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An Introduction to Error Analysis: The Study of Uncertainties in Physical Measurements [Hardcover]

John R. Taylor
4.8 out of 5 stars  See all reviews (40 customer reviews)

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Book Description

March 10, 1997 0935702423 978-0935702422 2nd
The need for error analysis is captured in the book's arresting cover shot - of the 1895 Paris train disaster (also available as a wall poster). The early chapters teach elementary techniques of error propagation and statistical analysis to enable students to produce successful lab reports. Later chapters treat a number of more advanced mathematical topics, with many examples from mechanics and optics. End-of-chapter problems include many that call for use of calculators or computers, and numerous figures help readers visualize uncertainties using error bars. "Score a hit! ...the book reveals the exceptional skill of the author as lecturer and teacher...a valuable reference work for any student (or instructor) in the sciences and engineering." The Physics Teacher "This is a well written book with good illustrations, index and general bibliography...The book is well suited for engineering and science courses at universities and as a basic reference text for those engineers and scientists in practice." Strain, Journal of the British Society for Strain Measurement

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An Introduction to Error Analysis: The Study of Uncertainties in Physical Measurements + Radiation Detection and Measurement + Nuclear Reactor Analysis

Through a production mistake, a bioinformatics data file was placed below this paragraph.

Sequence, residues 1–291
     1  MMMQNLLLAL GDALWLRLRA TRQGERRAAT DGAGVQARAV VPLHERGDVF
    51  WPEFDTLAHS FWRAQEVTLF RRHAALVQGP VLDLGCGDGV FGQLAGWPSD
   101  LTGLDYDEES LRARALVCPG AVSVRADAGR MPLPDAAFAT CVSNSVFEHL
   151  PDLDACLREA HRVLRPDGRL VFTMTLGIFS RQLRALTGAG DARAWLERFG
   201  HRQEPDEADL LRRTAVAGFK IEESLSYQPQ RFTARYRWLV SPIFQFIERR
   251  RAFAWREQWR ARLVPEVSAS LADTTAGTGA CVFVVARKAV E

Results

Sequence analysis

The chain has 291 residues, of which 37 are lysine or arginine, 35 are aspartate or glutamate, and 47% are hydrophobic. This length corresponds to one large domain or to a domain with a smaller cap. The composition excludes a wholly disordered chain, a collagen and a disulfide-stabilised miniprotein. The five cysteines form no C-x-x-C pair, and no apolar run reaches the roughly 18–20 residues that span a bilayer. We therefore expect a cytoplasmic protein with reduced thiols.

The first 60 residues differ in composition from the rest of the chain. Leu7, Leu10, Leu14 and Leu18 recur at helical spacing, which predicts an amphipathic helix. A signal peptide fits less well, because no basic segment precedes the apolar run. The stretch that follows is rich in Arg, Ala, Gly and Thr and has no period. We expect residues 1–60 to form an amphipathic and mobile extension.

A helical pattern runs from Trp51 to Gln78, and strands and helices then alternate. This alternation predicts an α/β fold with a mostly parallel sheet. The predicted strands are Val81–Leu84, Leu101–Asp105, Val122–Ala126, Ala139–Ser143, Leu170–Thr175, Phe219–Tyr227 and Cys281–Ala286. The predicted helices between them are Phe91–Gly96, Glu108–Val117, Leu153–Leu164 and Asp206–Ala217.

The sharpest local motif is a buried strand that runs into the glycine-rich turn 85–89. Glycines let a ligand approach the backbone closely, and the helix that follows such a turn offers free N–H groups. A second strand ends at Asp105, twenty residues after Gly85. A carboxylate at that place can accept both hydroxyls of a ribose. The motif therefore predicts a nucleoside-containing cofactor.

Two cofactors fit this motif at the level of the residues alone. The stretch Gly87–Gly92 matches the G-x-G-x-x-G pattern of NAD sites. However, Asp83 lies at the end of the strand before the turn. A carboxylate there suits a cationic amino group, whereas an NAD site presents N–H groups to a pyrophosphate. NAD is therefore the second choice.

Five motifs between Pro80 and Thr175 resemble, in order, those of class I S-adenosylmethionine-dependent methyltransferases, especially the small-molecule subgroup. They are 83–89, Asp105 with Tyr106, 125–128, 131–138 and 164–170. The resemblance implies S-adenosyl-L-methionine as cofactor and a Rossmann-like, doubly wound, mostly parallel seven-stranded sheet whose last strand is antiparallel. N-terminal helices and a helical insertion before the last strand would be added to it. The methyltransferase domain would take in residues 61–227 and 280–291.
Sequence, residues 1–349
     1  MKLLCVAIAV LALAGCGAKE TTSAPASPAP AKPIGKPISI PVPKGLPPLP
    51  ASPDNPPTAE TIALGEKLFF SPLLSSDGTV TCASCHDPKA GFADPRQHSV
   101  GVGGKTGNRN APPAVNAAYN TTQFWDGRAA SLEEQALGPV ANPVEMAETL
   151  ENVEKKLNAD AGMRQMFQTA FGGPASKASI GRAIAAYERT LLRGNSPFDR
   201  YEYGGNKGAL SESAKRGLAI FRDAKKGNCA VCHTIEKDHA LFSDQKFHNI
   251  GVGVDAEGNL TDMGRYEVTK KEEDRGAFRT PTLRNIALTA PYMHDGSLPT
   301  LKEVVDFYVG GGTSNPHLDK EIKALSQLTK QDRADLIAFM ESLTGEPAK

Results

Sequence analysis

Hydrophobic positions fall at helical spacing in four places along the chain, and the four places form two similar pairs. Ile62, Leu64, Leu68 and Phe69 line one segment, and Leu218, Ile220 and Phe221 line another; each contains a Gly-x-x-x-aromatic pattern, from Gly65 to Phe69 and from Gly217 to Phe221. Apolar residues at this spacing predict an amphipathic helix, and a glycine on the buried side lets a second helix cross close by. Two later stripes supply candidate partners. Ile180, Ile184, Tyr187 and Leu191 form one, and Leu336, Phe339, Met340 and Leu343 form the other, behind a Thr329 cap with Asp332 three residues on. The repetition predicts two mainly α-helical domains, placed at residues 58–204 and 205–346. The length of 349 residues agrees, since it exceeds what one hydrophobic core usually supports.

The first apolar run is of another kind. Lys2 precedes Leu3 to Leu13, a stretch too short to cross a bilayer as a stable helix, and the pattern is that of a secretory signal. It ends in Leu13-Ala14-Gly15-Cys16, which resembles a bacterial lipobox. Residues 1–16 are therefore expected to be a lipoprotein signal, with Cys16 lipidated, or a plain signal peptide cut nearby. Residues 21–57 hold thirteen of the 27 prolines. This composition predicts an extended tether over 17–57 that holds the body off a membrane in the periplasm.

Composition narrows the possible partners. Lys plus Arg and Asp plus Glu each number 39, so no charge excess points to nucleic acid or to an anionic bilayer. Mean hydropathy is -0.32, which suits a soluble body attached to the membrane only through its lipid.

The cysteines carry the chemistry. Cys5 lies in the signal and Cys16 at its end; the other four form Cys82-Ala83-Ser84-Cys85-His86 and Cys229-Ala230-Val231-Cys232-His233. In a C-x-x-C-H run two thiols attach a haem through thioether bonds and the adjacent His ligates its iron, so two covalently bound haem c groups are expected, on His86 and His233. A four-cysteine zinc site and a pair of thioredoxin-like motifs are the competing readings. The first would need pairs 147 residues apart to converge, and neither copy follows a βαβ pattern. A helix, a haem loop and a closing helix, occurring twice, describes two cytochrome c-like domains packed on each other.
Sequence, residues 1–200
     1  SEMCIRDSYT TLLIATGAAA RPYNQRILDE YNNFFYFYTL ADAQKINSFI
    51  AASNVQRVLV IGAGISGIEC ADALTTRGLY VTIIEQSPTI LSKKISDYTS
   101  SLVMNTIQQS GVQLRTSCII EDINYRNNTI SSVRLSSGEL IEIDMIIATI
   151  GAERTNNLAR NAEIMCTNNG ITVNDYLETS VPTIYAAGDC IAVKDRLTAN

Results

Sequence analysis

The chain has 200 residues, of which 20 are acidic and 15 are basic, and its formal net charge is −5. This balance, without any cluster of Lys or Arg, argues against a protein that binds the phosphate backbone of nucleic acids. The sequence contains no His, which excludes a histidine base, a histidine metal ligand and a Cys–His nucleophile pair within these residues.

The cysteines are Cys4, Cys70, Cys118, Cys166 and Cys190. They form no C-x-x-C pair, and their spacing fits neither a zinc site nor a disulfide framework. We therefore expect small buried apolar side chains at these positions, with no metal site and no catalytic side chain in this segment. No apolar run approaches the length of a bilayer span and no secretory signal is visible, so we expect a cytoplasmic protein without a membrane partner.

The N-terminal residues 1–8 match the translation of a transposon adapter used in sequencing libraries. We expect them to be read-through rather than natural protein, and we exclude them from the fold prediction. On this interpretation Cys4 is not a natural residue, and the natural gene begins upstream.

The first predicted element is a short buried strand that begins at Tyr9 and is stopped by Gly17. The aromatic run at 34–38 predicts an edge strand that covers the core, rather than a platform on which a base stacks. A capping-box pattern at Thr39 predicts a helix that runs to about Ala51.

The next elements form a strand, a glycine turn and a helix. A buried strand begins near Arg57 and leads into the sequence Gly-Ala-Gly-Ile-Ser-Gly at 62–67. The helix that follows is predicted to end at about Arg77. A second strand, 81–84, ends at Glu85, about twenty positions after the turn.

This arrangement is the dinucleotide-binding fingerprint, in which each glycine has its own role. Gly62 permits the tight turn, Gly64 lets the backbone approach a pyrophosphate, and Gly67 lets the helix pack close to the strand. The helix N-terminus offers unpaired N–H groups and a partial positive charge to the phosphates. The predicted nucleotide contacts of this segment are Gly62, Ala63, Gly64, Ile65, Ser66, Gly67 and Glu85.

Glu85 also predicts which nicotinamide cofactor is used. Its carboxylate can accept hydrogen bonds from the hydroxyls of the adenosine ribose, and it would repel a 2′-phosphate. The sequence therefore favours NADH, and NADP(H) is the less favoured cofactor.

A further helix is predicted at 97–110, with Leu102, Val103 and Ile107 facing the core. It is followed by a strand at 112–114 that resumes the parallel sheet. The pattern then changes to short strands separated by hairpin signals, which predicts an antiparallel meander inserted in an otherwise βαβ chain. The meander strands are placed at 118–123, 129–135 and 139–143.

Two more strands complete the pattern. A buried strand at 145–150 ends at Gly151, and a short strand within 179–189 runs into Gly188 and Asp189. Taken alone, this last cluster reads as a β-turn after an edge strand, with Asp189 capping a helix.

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Editorial Reviews


Score a hit! The book reveals the exceptional skill of the author as lecturer and teacher. -- The Physics Teacher<br /><br />a high-quality resource [students] can continue to learn from, even after they graduate. Physics Today --Physics Today

About the Author

John Taylor is Professor of Physics and Presidential Teaching Scholar at the University of Colorado in Boulder. He has won numerous teaching awards, served as Associate Editor of the American Journal of Physics, and received an Emmy Award for his television series called "Physics 4 Fun." Taylor is the author of three best-selling textbooks.

Product Details

  • Hardcover: 327 pages
  • Publisher: University Science Books; 2nd edition (March 10, 1997)
  • Language: English
  • ISBN-10: 0935702423
  • ISBN-13: 978-0935702422
  • Product Dimensions: 10.2 x 7.1 x 0.8 inches
  • Shipping Weight: 1.7 pounds (View shipping rates and policies)
  • Average Customer Review: 4.8 out of 5 stars  See all reviews (40 customer reviews)
  • Amazon Best Sellers Rank: #369,410 in Books (See Top 100 in Books)

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Customer Reviews

Most Helpful Customer Reviews
31 of 32 people found the following review helpful
5.0 out of 5 stars Easy-To-Read Text on Error Analysis September 11, 2000